Early attempts at introducing monitoring and evaluation came in the form of lengthy, complex surveys undertaken by the project team-which was limited in its structure, cumbersome to process results and hardly ever filtered back to the stakeholders. Little learning was being achieved. The project then felt that a more participatory approach to impact monitoring would provide a more complete and accurate picture of the local conditions as well as project impacts, with project beneficiaries being able to both share and receive information better.

Something different was required…something that focused more on sharing of knowledge. And so with a grant from the CGIAR ICT-KM program’s Knowledge Sharing in Research project, it piloted the use of knowledge sharing (KS) tools to help.Vietnam_Vist to WorldFish Pilot_09-08 540

Outcome Mapping was the tool that was chosen to help with monitoring and evaluation in the project, but in a way more focused on effective knowledge sharing; and this was applied to WorldFish’s work in Vietnam.

When the partners in Vietnam suggested Outcome Mapping, I had actually not heard about it before,” admits Natasja. “Outcome Mapping is a process that can be used to monitor change. It can  also influence change by getting people together to talk about what it is they want to achieve and then developing markers or indicators to track progress. They say ‘how do we need to change in order to reach that goal?’ . A series of markers can be set up showing how we are all progressing towards achieving that goal.”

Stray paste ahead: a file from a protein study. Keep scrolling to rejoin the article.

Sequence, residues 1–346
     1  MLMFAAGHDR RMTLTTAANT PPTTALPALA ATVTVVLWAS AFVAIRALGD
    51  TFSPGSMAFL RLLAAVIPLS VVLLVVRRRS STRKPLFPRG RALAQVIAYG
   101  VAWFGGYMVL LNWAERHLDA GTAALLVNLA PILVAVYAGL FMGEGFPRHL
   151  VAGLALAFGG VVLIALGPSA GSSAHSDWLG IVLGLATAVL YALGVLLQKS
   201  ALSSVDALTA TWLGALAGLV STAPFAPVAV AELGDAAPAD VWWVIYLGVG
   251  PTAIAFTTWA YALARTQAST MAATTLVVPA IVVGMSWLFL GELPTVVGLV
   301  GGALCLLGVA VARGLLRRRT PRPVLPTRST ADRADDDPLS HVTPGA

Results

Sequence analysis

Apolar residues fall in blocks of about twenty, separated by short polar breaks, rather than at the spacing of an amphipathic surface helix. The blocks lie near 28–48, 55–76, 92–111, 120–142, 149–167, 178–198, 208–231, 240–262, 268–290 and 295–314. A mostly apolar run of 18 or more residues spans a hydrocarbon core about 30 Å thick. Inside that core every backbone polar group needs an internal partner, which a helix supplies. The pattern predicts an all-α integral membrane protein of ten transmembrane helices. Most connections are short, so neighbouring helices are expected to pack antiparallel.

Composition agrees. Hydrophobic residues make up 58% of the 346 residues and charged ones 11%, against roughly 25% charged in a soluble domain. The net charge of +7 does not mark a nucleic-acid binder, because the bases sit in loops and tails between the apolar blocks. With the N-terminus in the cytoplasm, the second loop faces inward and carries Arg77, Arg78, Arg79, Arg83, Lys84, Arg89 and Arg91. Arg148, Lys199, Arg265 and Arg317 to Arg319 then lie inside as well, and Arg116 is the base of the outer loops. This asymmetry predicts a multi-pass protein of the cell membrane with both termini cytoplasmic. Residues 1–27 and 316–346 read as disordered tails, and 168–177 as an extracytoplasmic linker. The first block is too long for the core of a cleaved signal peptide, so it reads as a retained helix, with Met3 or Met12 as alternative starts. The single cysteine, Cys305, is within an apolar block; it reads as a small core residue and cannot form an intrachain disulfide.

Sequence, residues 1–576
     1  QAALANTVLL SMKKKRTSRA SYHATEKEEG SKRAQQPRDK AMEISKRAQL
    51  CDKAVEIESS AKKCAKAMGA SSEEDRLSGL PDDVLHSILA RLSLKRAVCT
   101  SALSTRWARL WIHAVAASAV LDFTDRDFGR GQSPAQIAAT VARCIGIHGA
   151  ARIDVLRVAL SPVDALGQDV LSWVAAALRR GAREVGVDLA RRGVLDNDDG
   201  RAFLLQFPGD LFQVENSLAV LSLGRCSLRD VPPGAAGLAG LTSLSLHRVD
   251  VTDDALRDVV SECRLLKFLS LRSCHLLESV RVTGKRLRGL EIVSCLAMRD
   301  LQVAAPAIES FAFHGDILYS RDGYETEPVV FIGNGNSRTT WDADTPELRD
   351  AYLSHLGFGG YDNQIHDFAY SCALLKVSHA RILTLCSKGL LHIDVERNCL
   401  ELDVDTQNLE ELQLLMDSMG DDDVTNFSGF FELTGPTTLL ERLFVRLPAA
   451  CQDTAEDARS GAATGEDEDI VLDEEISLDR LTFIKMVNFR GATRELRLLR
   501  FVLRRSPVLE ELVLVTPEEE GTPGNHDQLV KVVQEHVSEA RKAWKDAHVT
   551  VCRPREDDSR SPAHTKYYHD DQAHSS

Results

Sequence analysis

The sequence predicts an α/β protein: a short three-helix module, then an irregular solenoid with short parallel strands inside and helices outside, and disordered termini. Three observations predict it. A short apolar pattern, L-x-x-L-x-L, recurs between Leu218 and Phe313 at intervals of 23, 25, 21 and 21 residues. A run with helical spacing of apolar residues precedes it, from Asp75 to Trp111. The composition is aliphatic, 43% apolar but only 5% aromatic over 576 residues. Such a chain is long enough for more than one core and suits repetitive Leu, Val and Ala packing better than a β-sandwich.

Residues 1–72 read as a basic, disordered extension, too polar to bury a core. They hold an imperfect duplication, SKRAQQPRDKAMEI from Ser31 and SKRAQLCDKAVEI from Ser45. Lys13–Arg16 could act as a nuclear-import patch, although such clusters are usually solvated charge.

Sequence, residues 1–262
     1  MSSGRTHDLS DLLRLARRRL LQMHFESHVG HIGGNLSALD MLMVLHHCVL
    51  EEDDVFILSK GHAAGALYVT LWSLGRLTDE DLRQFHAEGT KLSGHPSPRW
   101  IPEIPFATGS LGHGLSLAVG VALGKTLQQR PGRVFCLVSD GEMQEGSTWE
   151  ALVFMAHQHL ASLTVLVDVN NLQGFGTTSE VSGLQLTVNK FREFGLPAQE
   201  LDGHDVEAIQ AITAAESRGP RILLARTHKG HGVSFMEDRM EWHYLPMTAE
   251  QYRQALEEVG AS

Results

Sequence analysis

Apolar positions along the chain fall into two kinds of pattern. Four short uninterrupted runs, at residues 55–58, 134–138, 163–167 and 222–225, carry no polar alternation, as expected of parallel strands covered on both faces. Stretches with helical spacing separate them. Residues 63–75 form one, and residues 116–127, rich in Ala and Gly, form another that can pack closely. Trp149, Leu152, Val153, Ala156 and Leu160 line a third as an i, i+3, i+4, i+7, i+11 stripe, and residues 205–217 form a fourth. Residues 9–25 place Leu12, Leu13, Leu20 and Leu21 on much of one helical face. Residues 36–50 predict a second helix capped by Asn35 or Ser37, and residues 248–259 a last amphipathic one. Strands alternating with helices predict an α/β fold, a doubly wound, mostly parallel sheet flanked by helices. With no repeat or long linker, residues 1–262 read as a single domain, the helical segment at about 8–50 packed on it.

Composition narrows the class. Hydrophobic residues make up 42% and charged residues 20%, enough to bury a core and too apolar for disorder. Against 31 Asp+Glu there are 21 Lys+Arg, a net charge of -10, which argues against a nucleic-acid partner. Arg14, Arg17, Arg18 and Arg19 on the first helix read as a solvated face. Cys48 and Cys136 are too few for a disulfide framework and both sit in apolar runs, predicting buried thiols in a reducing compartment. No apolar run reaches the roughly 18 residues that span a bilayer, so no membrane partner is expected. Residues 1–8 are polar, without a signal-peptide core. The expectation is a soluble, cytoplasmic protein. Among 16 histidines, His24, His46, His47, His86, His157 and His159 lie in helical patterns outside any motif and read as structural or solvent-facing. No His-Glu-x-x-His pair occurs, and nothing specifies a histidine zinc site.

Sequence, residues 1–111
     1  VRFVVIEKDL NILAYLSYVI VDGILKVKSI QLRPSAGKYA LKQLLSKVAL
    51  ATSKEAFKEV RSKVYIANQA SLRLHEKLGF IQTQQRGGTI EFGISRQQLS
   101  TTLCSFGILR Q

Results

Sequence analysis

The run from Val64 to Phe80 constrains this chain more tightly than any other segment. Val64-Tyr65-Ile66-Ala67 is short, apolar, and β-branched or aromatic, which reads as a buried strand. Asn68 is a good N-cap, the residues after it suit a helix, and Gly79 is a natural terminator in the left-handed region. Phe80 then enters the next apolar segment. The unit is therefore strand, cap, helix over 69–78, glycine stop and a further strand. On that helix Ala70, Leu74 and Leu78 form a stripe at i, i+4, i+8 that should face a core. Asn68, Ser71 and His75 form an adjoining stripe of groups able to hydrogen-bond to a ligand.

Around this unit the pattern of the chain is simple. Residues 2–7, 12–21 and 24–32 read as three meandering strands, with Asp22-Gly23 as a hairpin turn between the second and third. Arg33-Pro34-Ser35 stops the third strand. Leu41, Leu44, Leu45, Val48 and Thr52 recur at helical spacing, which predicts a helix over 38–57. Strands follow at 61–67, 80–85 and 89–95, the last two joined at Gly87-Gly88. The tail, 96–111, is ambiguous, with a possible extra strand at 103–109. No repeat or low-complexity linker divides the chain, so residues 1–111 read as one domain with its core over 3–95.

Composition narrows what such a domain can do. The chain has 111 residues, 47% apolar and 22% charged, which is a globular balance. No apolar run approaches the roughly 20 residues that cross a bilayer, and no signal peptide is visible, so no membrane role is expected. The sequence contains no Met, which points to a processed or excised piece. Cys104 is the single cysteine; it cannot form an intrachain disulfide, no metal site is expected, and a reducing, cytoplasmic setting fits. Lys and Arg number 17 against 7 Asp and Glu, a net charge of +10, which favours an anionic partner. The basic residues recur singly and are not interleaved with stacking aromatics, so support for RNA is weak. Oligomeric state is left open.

Natasja felt that Outcome Mapping could provide them with, not only a means of tracking their progression with the fish culture activities, but could additionally encourage them to look at what they themselves need to do to achieve their visions and commit to those activities by setting up regular monitoring towards achievable targets.Vietnam_Vist to WorldFish Pilot_09-08 574

We spoke to the farmers in Vietnam and we asked them to imagine a vision of the future, asking them to ‘Imagine you wake up at the end of the project, how have things changed?’ The vision they had was of  more income: they were able to send their children to school, they have electricity in the village, they work together better, there is increased solidarity. That is what they hope to achieve with the project, and it is fairly ambitious. That identifies for them as a group their aspirations, their hopes and dreams which should be realised from their efforts. But these changes do not happen on their own”.

What outcome mapping does is to help groups like this to then share with each other, what needs to happen, who needs to be doing what—for those aspirations, hopes and dreams to be realized.